Wyoming Governor Mark Gordon Announces WGA Chair Initiative: Decarbonizing the West

On June 28, Colorado Governor Jared Polis officially handed off the reigns as Chair of the Western Governors’ Association to Wyoming Governor Mark Gordon. The Governors also elected New Mexico Governor Michelle Lujan Grisham as the new Vice Chair.

For his Chair Initiative, Governor Gordon will examine how carbon capture, utilization, and storage (CCUS) technologies, including direct air capture (DAC), can position western states at the forefront of emerging carbon markets and reduce the effects of carbon emissions on the environment. 

Entitled Decarbonizing the West, the year-long initiative will convene federal, state, local, tribal, and industry stakeholders to explore issues and themes relevant to the development and deployment of CCUS, including statutory and regulatory barriers, technical advancements and challenges, and emerging applications for carbon. Initiative findings will be memorialized in an initiative report to be released in conjunction with the WGA 2024 Annual Meeting. 

“We know that simply curbing emissions alone is not going to solve the climate crisis we have, said Governor Gordon. We have to be aggressive, and we have to use what America has always done well, which is innovation and opportunity to figure ways to aggressively affect a difference in our atmosphere… working together with all of the great western states, we will decarbonize the West.” 

Immediately following the announcement of Governor Gordon’s WGA Chair Initiative, he signed a Memorandum of Understanding with Governor Jared Polis pledging to work together to advance the capabilities of direct air capture in their respective states.  

“Technologies like direct air capture that remove carbon dioxide from the atmosphere are necessary tools to address climate change, and we applaud this bipartisan effort by Governor Polis and Governor Gordon to advance these technologies here in the West,” said Patrick Cummins, Senior Western Regional Policy Manager at Clean Air Task Force. “Colorado and Wyoming are leading efforts on carbon removal, and this new partnership will help the industry move forward while benefiting communities in both states.”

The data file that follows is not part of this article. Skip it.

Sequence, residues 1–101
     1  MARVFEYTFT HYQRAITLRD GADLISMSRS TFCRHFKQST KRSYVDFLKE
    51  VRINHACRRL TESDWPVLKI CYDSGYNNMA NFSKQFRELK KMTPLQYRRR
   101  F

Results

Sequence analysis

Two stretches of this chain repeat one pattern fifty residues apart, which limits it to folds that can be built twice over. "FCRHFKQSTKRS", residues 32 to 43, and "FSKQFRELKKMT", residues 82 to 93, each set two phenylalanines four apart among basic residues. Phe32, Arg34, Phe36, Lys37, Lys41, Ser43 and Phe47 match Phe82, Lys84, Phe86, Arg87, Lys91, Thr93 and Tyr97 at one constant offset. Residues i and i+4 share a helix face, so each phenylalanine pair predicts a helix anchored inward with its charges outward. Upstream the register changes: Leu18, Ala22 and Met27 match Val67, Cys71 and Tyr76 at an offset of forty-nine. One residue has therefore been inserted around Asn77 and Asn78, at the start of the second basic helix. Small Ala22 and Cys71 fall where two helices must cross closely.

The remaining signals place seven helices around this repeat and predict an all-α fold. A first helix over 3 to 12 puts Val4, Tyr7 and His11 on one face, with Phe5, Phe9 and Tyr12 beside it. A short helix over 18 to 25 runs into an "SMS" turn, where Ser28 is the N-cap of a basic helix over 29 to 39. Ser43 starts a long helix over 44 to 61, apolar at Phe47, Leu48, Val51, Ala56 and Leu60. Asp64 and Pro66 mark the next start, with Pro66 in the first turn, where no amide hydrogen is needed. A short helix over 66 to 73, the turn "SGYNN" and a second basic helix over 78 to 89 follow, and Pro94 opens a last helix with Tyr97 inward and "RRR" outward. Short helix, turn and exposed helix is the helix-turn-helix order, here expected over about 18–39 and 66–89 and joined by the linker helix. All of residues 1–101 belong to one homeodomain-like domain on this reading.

“The US must deploy the full spectrum of carbon management technologies to achieve climate objectives.  Direct Air Capture (DAC) technologies provide opportunities to mitigate current CO2 emissions from difficult-to-abate emission sectors," said Matt Fry, the senior policy manager of Carbon Management at the Great Plains Institute who was recently appointed to the White House Council on Environmental Quality CCUS Task Force. "Additionally, DAC technologies are able to remove historic emissions of CO2 from the atmosphere to further reduce climate impacts.  Synergistic partnerships, such as this one between the States of CO and WY, will incentivize project deployment by allowing states to capitalize on their existing resources and policies - further “opening them for business” as a destination for carbon management industries.  This is the type of leadership needed to meet our Nation’s climate and energy demands.” 

"Transitioning Direct Air Capture from an early stage innovation to a gigaton-scale industry that can meaningfully contribute to solving the climate crisis will ultimately be a function of two parallel, interdependent, and equally important areas of activity - one concerning market development, the other regulation," said Chris Neidl, the co-founder of the OpenAir Collective, and the Director of Initiatives at Rethinking Removals. "The first relates to the rate of technological and commercial maturation achieved by carbon removal suppliers, investors, and buyers. The second concerns the extent to which regulators are able to create conducive conditions for the safe deployment of DAC and CO2 storage infrastructure at a scale and pace commensurate with science-aligned imperatives. The agreement just put in place by Colorado and Wyoming represents the clearest and most serious intervention by state governments, to date, in making serious progress in this second critical area. It is a defining moment for the U.S. carbon removal and storage economy, setting a critical new bar for responsible action and good policy." 

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